Should You Cover Your Air Conditioner in the Winter?
As a conscientious homeowner, you probably have an annual to-do list you pull out when the weather starts turning from hot to cold. Winterizing your home means you’ll experience fewer technical difficulties when the weather is at its worst and most inconvenient. You’ll also have a better idea of repairs or improvements you want to make when spring comes along again. But what about your air conditioner? It would make sense to protect your air conditioner from the elements. Should you cover your air conditioner in the winter?
Well, there are a couple of schools of thought on that. This very subject has been an ongoing debate in the HVAC industry, and the benefits and drawbacks all have good points. It may also depend on where you live, so we’ve tailored our answers according to living in Oregon and Washington. Following is a discussion of the pluses and minuses of covering your air conditioning unit in the wintertime.
Covering Can Protect the AC From Natural Elements
External air conditioning and HVAC equipment are meant to be hardy so it can withstand the weather we might see in the Pacific Northwest. Usually, air conditioner unit parts are made from aluminum and copper, which are both sealed from moisture and will resist deterioration. All manufacturers test their products rigorously to make sure they’ll work again when the weather turns from hot to cold and back again.
Oregon doesn’t typically receive consistently harsh weather during winter like some other states. For example, mountainous and Midwestern states enjoy frequent blizzards and snowstorms between October and May or even hailstones the size of softballs. But we still do see natural weather-related phenomena every year. For instance, a tree branch might fall on your external air conditioner in a windstorm, or dirt and debris might be blown or dropped onto the unit. We also get occasional ice storms, and though it’s not usually softball-sized, we do get hail here. With greater frequency, we also see temperature extremes now, which could produce wear and tear on your condenser—the big box that sits outside.
Covering Your Air Conditioner Has Its Hazards
It’s important to note that covering your air conditioner in the winter may have the drawback of trapping moisture inside the unit. A high-humidity environment isn’t great for any machine, much less an air conditioner. This sort of situation has been known to create rust and corrode parts within the mechanism. Remember, an air conditioner runs on electricity, and trapping moisture in there with the wiring connections and circuit boards could cause problems. At best, it’s annoying because you have to clean it up in order to start it again in the spring or summer. At worst, however, it could be dangerous, as you could have wet electrical connections and circuits.
An air conditioner is designed to be open to the air, so venting out moisture is rarely a problem, even in the Pacific Northwest, which has a reputation as very humid and rainy. Most manufacturers don’t recommend covering your air conditioner in the winter or the summer. These units should be able to withstand most problems the weather will throw at them.
A covered air conditioner could also be a draw for a family of rodents. A covered air conditioner could look like shelter, warmth, and safety for a family of mice, rats, or other animals. And with rodents inevitably comes the damage associated with them, as they strip electrical wires to line nests and chew on electrical wires. This can cause some ugly surprises when you discover it—such as when you try to turn on the unit in the heat of a day and discover you need to call someone to repair or replace parts. Better to not cover it up, in this case.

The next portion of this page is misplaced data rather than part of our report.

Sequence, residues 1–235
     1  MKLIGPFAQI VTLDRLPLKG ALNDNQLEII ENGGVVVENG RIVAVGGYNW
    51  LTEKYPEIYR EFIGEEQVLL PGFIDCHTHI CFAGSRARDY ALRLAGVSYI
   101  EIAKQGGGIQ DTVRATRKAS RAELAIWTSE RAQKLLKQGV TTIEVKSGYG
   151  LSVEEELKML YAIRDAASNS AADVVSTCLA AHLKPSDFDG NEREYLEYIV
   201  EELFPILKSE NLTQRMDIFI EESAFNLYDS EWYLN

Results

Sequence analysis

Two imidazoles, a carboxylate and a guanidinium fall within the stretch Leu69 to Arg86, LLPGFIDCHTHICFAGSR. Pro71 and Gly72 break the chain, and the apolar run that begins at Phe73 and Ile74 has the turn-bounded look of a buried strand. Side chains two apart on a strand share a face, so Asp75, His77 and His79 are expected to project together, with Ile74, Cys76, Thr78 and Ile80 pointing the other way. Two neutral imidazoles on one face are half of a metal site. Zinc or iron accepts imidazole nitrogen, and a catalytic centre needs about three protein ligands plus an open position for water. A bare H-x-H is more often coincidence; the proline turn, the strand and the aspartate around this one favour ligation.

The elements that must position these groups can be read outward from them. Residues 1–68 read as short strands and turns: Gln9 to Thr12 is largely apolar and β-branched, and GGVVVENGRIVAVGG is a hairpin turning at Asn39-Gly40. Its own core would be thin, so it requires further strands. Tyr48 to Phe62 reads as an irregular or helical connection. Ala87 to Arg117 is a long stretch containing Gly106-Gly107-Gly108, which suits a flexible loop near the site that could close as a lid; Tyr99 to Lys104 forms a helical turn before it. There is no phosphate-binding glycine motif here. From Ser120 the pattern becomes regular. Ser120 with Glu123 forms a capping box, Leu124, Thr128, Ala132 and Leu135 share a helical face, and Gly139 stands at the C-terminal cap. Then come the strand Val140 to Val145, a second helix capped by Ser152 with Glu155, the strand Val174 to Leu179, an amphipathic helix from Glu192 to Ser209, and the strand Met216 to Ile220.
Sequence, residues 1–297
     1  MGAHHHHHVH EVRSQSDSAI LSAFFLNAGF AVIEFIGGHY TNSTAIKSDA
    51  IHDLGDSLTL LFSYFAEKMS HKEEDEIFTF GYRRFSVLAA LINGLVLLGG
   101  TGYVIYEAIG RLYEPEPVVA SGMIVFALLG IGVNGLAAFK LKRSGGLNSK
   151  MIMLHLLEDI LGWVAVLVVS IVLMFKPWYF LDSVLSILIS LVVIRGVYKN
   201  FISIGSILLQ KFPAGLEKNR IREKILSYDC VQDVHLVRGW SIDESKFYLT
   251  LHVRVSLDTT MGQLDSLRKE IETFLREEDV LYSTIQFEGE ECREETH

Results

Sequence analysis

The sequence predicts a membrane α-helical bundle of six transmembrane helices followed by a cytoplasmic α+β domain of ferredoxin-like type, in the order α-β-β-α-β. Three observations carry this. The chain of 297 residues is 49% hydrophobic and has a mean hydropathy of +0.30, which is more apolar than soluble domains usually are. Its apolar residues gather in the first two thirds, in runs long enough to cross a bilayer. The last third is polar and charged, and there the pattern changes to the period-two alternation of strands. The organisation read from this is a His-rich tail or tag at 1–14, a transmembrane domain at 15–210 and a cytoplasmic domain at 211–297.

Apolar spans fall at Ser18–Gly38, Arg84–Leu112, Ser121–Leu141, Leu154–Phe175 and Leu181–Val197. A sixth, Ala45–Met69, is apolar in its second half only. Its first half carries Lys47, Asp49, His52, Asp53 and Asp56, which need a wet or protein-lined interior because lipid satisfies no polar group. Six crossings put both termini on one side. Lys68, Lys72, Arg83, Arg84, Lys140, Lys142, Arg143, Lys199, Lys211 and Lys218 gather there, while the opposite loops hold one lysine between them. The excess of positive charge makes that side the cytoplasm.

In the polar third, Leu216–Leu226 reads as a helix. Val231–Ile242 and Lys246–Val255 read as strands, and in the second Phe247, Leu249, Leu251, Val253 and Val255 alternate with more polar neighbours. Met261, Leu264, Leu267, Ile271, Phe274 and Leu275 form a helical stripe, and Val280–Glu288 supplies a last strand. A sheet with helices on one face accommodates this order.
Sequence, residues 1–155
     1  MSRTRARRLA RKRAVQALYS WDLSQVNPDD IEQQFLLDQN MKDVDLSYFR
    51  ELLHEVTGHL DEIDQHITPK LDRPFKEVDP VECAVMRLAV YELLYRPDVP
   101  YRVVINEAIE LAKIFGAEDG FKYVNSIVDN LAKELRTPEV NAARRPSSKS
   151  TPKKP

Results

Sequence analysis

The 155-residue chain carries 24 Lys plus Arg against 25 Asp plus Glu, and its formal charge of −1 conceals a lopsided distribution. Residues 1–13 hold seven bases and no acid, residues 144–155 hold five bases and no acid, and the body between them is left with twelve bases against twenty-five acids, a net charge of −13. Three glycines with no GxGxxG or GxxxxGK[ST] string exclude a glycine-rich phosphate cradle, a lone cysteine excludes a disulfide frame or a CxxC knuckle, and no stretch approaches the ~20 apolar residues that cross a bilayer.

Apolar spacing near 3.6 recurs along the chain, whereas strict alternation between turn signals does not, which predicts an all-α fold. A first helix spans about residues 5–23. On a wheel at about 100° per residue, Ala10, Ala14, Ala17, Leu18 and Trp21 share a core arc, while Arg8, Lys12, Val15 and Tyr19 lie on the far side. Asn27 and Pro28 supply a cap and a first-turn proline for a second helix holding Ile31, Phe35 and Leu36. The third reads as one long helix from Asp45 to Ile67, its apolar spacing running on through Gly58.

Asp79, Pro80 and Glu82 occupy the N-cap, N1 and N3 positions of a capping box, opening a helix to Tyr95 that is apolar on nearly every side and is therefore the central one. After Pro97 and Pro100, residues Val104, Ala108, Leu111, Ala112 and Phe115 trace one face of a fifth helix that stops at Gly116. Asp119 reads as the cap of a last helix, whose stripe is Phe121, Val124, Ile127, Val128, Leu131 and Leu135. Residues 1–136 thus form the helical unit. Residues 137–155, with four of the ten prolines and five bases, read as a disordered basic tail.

There Are Some Additional Benefits to Covering Your Outdoor Air Conditioner
If you do have the correct kind of cover, the coils inside of the machine will be a little cleaner when you go to boot it up again in the spring, and you may find your unit may run a little more efficiently. A cover will prevent yard debris from blowing into it, such as falling leaves from your trees. We live in a beautiful green area, with lots of trees and foliage, but when those leaves fall, you can’t deny that they make a mess.
If you cover your air conditioner in the winter, less extra moisture will freeze onto the coils as well. When water rests directly on the coils and freezes in the winter, it could damage the coils. While air conditioners are built to withstand this kind of damage, in the long run, you could be saving your air conditioner some wear and tear.
So Which Is It?
It isn’t a simple do-or-don’t situation. In the end, you may cover your air conditioner if it’s right for your situation and if you do it correctly. If you find yourself sweeping lots of yard debris, pine needles, or branches out of your condenser every year because it sits right under a tree, you may need some kind of cover, if only to be more efficient in the spring. Some air conditioner models may have an added accessory you can purchase that fits over the top of the specific unit without impeding the airflow within. Check with the manufacturer to see whether there is an all-weather protective attachment for your condenser—it could be that easy.
If it isn’t that easy, or if you’re looking for a less pricy solution, you could also simply cover the top of the air conditioner with a slice of plywood. It may not look pretty, but it’s cheap, keeps the debris from going in the unit, and leaves the sides of your air conditioner open to the air. If you want a prettier material to cover your condenser, just make sure that it’s a material that breathes and doesn’t restrict airflow.
Final Words of Advice
The best protective measure you can take for your air conditioner is regularly scheduled maintenance from the skilled professionals at Entek. Contact us today.